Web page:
As a fashion job seeker, feedback after an interview is priceless – whether it’s good or bad. You’re naturally hoping for positive feedback and an invite to the next stages of the hiring process, but you’re also grateful to hear that we didn’t make the cut (sooner rather than later). After being courted to the interview stage, the relationship dynamics can abruptly change between an interviewer and candidate if the former is no longer interested. After all, interviewing parallels dating in that the pursuit is consistent until one side loses interest.
Unfortunately, hiring managers would rather lie than tell the candidate the truth and they are completely fine with prolonging the process. After being left in a state of ambiguity, you’re not sure if you’re still in the running for the job or if you’ve been given the blow-off treatment. In the defense of hiring managers and recruiters, no one likes to be the bearer of bad news.
Save yourself the misery by listening to the hiring manager’s reaction (or inaction) to your follow-up emails and calls. Deciphering recruiter-speak isn’t difficult if you’re able to see the truth behind their vague statements. Study the popular phrases below and recognize a red flag when it’s being waved at you; then keep it moving until you land the dream job that awaits you.
1. “You’ll hear from us either way.” Great. But when? Depending on the company’s hiring process, the time frame for bringing on a new hire can range from weeks to months. On the other hand, if you’re not the right fit, you’ll be sent a generic email once they’ve vetted every candidate and offered someone else the job. It’s normal to hear nothing in between this time, so refrain from placing all of your eggs in one basket.
2. “We’re interested, but we’re looking at other candidates.” Unfortunately, you’re not the perfect match for this role, but this is a roundabout breaking the news. Don’t place all of your hopes in that small bit of interest becoming a job offer.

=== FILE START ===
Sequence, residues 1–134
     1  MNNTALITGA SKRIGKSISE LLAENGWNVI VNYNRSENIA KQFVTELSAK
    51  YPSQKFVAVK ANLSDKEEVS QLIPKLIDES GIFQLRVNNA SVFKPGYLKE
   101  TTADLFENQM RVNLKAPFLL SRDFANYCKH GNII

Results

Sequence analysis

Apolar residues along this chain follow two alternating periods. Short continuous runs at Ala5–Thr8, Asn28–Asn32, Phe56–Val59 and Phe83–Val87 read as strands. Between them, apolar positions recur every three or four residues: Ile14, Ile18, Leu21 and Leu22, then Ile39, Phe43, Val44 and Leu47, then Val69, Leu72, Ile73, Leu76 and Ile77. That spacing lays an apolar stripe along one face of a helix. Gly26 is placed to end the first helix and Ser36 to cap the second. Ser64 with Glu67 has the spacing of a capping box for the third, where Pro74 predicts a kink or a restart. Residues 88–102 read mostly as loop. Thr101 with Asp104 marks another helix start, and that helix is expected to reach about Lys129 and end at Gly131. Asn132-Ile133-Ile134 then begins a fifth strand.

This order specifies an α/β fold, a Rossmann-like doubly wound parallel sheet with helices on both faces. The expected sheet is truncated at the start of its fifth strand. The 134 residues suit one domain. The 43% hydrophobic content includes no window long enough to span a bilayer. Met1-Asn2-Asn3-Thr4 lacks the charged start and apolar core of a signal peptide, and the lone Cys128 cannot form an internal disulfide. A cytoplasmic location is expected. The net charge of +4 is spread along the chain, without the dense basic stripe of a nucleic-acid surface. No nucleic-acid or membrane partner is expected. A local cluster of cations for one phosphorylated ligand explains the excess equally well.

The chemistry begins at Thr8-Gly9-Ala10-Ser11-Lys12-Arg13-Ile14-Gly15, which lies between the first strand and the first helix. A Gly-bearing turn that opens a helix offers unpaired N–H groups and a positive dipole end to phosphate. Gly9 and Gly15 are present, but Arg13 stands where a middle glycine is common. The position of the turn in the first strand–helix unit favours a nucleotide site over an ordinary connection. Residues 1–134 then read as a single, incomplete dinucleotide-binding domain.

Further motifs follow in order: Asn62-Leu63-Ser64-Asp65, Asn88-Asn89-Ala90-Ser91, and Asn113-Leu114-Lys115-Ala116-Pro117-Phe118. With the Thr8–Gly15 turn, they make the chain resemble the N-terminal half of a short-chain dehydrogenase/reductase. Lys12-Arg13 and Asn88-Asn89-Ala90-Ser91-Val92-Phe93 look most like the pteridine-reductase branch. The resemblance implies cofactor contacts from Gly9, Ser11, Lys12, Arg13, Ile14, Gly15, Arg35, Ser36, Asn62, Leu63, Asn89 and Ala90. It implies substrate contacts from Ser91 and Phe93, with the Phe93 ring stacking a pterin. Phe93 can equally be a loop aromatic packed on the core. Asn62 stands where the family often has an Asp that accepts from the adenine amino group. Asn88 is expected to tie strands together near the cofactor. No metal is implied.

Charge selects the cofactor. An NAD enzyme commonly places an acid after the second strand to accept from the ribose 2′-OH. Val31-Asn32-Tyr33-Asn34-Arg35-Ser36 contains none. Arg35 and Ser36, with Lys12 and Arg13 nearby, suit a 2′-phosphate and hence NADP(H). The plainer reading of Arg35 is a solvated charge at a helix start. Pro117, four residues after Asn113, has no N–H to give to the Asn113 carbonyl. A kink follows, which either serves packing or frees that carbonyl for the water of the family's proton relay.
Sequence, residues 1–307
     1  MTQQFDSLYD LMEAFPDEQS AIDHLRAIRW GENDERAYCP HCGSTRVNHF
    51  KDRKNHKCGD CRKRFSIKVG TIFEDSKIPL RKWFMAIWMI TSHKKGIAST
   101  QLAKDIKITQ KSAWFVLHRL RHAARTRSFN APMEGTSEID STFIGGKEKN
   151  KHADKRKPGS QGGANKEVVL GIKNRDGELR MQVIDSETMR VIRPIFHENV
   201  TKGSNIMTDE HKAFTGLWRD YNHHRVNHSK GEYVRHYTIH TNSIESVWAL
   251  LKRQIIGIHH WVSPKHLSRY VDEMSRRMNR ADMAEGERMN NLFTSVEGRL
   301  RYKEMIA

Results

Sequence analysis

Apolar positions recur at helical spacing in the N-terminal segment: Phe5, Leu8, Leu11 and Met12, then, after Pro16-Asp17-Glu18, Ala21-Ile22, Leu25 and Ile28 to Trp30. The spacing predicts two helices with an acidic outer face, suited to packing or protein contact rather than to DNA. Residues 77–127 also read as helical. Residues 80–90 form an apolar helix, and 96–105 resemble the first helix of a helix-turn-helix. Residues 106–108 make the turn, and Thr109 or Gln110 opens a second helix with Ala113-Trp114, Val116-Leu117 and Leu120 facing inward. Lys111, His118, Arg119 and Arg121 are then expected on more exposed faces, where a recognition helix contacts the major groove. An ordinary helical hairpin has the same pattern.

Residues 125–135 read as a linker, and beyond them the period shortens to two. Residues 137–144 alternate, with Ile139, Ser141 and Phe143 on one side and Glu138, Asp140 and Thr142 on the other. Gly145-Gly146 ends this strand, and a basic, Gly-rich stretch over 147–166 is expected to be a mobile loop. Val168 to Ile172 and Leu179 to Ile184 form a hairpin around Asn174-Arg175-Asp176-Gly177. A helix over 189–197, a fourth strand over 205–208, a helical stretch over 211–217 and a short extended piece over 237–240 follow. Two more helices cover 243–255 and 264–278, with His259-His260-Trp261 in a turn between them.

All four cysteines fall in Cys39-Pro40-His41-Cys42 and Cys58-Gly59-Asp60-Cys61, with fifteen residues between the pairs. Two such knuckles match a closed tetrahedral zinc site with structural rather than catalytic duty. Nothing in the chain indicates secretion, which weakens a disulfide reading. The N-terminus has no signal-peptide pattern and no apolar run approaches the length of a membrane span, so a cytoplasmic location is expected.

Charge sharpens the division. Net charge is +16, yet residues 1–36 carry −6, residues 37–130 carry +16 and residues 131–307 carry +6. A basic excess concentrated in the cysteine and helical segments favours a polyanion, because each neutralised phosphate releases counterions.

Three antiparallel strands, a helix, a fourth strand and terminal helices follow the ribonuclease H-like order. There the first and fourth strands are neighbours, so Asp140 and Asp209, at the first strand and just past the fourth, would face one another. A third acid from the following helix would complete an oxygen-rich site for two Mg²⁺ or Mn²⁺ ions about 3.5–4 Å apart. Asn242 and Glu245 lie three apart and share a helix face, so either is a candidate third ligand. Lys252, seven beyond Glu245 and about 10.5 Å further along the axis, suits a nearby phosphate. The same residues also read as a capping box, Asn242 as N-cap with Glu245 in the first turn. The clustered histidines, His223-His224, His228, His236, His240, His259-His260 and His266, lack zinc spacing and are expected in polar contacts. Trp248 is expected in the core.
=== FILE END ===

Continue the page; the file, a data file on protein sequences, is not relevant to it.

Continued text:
3. “We can see you working with us.” Hearing these words can make you feel as though you’ve got the job in the bag and an offer is on the way. On the contrary, it may simply be a compliment to your personality and interviewing skills. You may be a good culture fit as well, but don’t mistake this phrase for a guaranteed offer. When it comes down to choosing which candidate to hire, the total package will make it to the next stage.
4. “I came across your contact information from a mutual connection.” If you didn’t personally apply for a job, you can be pretty certain that you weren’t referred. You were probably stalked via LinkedIn or cold-calling and then headhunted. At the risk of sounding like a total creeper, it’s easier to say that they came across your profile online or that you were highly recommended by a mutual connection.
5. “We’ll keep you in our database/in mind for future opportunities.” This is a nice way of saying that you did not get the job, but your resume will be added to an ATS (Applicant Tracking System). It provides hope that you’ll be the first to hear about the next opportunity that matches your background. Don’t lose faith, you could be reached out to again at some point, but for this job, you didn’t make the cut.
6. “That specific position was placed on hold.” There could be truth to this statement – it happens quite often. It could also mean that the hiring manager was looking for a nice way to say that you don’t qualify for the job or that someone else was hired placing the blame on the company’s internal issues.
7. “Someone was promoted from within.” Similar to the above phrase, but delivers a softer blow to the candidate. Internal candidates usually have a better opportunity at open roles.
8. “The job responsibilities have changed, and you’re no longer qualified.” Yet again, a polite way of stating that you don’t meet the job requirements based on your resume and feedback from your interviewer(s). Use this as an opportunity to ask what your resume was lacking to become a better interviewer in the future.
9. “We’re looking for someone with more experience.” Unfortunately, they had to bring you in for an interview to realize this, but don’t consider your time was wasted. Every interview is practice that will prepare you for the next.
10. “I’m interested in networking.” Hiring managers and recruiters aren’t at liberty to headhunt candidates from any and every company. To prevent conflict with competitors, they may approach you under the pretense of networking to initiate a conversation that may naturally lead to the topic of making a career move.
Photo cred: The Coveteur’s Instagram
By: Malicia Basdeo, New York City, @maliciaism
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